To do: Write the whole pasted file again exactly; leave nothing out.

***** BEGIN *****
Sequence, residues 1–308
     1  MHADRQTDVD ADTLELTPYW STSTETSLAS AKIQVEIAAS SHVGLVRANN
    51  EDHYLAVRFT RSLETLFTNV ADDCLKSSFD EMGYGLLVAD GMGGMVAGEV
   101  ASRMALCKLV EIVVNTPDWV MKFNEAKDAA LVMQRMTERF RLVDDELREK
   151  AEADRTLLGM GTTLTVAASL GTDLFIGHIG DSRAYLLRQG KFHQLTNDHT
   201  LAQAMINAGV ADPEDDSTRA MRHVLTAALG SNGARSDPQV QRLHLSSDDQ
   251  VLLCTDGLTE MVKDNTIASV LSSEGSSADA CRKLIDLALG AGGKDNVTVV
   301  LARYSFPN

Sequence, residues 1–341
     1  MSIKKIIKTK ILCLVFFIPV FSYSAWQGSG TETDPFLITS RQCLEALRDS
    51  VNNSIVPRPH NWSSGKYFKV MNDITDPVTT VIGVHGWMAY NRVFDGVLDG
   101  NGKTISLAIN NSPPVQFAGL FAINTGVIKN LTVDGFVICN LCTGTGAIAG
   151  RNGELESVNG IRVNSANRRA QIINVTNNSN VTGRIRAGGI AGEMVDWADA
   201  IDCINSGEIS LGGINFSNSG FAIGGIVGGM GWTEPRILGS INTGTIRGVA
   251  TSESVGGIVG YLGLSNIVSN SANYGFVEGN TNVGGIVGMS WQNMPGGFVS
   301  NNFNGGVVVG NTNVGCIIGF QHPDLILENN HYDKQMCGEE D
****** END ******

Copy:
Sequence, residues 1–308
     1  MHADRQTDVD ADTLELTPYW STSTETSLAS AKIQVEIAAS SHVGLVRANN
    51  EDHYLAVRFT RSLETLFTNV ADDCLKSSFD EMGYGLLVAD GMGGMVAGEV
   101  ASRMALCKLV EIVVNTPDWV MKFNEAKDAA LVMQRMTERF RLVDDELREK
   151  AEADRTLLGM GTTLTVAASL GTDLFIGHIG DSRAYLLRQG KFHQLTNDHT
   201  LAQAMINAGV ADPEDDSTRA MRHVLTAALG SNGARSDPQV QRLHLSSDDQ
   251  VLLCTDGLTE MVKDNTIASV LSSEGSSADA CRKLIDLALG AGGKDNVTVV
   301  LARYSFPN

Sequence, residues 1–341
     1  MSIKKIIKTK ILCLVFFIPV FSYSAWQGSG TETDPFLITS RQCLEALRDS
    51  VNNSIVPRPH NWSSGKYFKV MNDITDPVTT VIGVHGWMAY NRVFDGVLDG
   101  NGKTISLAIN NSPPVQFAGL FAINTGVIKN LTVDGFVICN LCTGTGAIAG
   151  RNGELESVNG IRVNSANRRA QIINVTNNSN VTGRIRAGGI AGEMVDWADA
   201  IDCINSGEIS LGGINFSNSG FAIGGIVGGM GWTEPRILGS INTGTIRGVA
   251  TSESVGGIVG YLGLSNIVSN SANYGFVEGN TNVGGIVGMS WQNMPGGFVS
   301  NNFNGGVVVG NTNVGCIIGF QHPDLILENN HYDKQMCGEE D